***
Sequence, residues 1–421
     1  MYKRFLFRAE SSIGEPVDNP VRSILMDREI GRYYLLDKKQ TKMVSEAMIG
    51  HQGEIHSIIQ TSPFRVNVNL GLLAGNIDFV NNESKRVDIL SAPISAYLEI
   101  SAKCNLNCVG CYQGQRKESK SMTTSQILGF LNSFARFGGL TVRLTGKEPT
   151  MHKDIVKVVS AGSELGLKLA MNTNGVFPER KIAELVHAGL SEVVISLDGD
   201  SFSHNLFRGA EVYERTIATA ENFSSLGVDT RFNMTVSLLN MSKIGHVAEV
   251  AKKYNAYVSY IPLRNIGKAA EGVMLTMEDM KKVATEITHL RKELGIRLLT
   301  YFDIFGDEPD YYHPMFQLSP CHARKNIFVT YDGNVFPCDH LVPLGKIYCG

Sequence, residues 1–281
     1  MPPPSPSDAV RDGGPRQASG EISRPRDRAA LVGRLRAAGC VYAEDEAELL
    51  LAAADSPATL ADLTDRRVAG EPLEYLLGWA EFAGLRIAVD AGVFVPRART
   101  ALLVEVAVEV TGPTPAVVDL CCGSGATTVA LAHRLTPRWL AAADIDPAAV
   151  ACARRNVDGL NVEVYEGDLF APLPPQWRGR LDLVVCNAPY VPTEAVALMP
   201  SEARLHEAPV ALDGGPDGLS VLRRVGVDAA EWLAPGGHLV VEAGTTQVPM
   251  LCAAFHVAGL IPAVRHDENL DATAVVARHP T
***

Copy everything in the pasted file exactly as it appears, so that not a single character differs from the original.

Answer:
Sequence, residues 1–421
     1  MYKRFLFRAE SSIGEPVDNP VRSILMDREI GRYYLLDKKQ TKMVSEAMIG
    51  HQGEIHSIIQ TSPFRVNVNL GLLAGNIDFV NNESKRVDIL SAPISAYLEI
   101  SAKCNLNCVG CYQGQRKESK SMTTSQILGF LNSFARFGGL TVRLTGKEPT
   151  MHKDIVKVVS AGSELGLKLA MNTNGVFPER KIAELVHAGL SEVVISLDGD
   201  SFSHNLFRGA EVYERTIATA ENFSSLGVDT RFNMTVSLLN MSKIGHVAEV
   251  AKKYNAYVSY IPLRNIGKAA EGVMLTMEDM KKVATEITHL RKELGIRLLT
   301  YFDIFGDEPD YYHPMFQLSP CHARKNIFVT YDGNVFPCDH LVPLGKIYCG

Sequence, residues 1–281
     1  MPPPSPSDAV RDGGPRQASG EISRPRDRAA LVGRLRAAGC VYAEDEAELL
    51  LAAADSPATL ADLTDRRVAG EPLEYLLGWA EFAGLRIAVD AGVFVPRART
   101  ALLVEVAVEV TGPTPAVVDL CCGSGATTVA LAHRLTPRWL AAADIDPAAV
   151  ACARRNVDGL NVEVYEGDLF APLPPQWRGR LDLVVCNAPY VPTEAVALMP
   201  SEARLHEAPV ALDGGPDGLS VLRRVGVDAA EWLAPGGHLV VEAGTTQVPM
   251  LCAAFHVAGL IPAVRHDENL DATAVVARHP T